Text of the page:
Tracey Wong’s goal when she arrived at PS 54 in Bedford Park, the Bronx, a year ago, she said, was “to make reading fun and cool and to make the library a hub of activity and a center of learning and collaboration.” She’s met her goal and much more.
The weekly “Moral Monday” protests in North Carolina against a spate of conservative legislation show no sign of abating and have led to about 930 arrests so far this year. One recent demonstration in Charlotte in late August drew some 2,000 people.
New filings in a major special education lawsuit allege that New Orleans schools have ongoing problems in meeting the educational needs of students with disabilities. The filings this summer come nearly three years after the suit was initially filed by students’ families and almost eight years into a nationally unprecedented decentralization of the city’s school system.
The union movement at New York City charter schools gained momentum with the signing of three new contracts at the end of the school year. During the last 10 days of June, educators at a French-immersion charter school in Harlem and an elementary school in Queens both entered into their first contracts while a unionized charter school in the Bronx ratified its latest contract.
Born in the South Bronx to parents who were “determined that their kids would make something of themselves,” Edward Summers flirted with the idea of being a doctor as a middle school student at the Paul Robeson Medical Magnet School in the Bronx. Instead turning to law and public policy, he organized the first student government at Washington Irving HS and went on to earn his Ph.D. in Urban and Public Policy at the New School for Management and Urban Policy. Now, as the director of the Kelly Adirondack Research Center at Union College, Summers drives the research agenda for the study of the Adirondack Park, examining the “tension between conservation and economic development.” Summers credits his success to his experience in New York City public schools, including a 2nd-grade teacher who rewarded her class with a pizza party to a high school history teacher who engaged his students with classroom debates.
I grew up in a family of 12, and we were all public school kids. We all went through the New York City school system. Growing up in the ’80s in the South Bronx was an interesting experience. It was a low-income, ethnically diverse community, but it was a community in the true sense of a community. A lot of the elderly folks were the watchdogs of the neighborhood, making sure kids were in school when their parents were working. It was a community that acted as an extended family, despite the economic issues people faced.
I was one of the little nerdy kids. I enjoyed school immensely. I was always a curious kid who enjoyed learning. I liked being in an environment where there were other kids around my age and we could trade notes and discuss the world and our community and our families.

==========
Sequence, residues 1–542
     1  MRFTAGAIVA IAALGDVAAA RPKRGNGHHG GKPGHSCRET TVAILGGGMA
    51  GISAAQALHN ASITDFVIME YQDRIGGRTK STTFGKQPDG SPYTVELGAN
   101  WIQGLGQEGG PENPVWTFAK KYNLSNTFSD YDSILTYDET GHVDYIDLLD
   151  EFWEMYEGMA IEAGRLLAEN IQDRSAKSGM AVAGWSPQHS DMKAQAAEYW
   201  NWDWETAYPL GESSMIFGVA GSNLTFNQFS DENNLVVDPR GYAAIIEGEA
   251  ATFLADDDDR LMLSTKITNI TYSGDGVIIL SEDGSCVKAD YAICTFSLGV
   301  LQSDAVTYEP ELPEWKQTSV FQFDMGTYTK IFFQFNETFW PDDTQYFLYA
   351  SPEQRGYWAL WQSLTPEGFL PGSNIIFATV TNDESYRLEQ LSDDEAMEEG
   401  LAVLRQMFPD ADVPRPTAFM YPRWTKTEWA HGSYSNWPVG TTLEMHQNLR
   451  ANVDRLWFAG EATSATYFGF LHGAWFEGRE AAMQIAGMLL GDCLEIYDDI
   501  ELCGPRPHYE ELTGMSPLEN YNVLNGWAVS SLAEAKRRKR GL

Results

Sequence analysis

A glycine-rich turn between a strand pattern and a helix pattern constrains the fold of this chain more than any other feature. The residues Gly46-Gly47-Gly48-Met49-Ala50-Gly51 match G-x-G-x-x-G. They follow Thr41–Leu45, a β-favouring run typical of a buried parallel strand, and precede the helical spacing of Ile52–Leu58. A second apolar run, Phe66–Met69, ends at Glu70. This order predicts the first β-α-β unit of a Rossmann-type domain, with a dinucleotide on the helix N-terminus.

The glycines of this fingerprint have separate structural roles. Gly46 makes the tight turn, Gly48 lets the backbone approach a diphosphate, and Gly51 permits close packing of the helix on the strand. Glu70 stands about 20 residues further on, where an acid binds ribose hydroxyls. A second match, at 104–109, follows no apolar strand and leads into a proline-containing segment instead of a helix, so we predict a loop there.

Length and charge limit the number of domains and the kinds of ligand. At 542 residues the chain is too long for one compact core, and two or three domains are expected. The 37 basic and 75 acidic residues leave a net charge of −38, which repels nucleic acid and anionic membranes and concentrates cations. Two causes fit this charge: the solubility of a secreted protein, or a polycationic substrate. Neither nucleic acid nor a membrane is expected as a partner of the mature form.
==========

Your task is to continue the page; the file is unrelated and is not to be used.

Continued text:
Sixty-five Chelsea Career and Tech students came into school on August 14 to retake their Regents English Language Arts exams after their answer books literally fell off a truck in June and were never found.
Around 500 UFT members from Brooklyn’s District 20 — and several hundred more students and parents — turned out for the district’s annual Relay for Life event at Fort Hamilton HS in Bay Ridge on June 22.
This is going to be an exciting school year, starting with the primary elections on Sept. 10 for mayor, comptroller and other city offices. In our city, the mayor and comptroller play important roles in protecting the retirement security of UFT members.
New York City’s attempt to duck its responsibility to properly staff school libraries by getting a waiver of state requirements is a shameful move that would hurt students, particularly those from low-income families who lack books, Internet access or other information resources at home.
As a new teacher, you know how important it is to develop strong relationships with your students, colleagues and administrators. Here are some tips to help you lay the foundation for good communication with your students’ families.
Theodore Roosevelt once said: “It’s not a question of whether we play a role in the world; it’s whether we play it well or ill.”
Since decisions affecting our economic and professional well-being are made by elected officials, our choice is either to allow them to make these momentous policy determinations on their own or to try our best to influence the outcomes. The UFT has chosen to be a part of that political decision-making process.
We understand that some retirees favor different policies than those supported by our elected Delegate Assembly, the Executive Board and the UFT leadership. While the overwhelming majority of retirees understand and favor our general political positions, it seems reasonable to review just why the UFT is so political.
Former UFT and AFT President Al Shanker set the tone early when he counseled that we should support our political friends and oppose our enemies.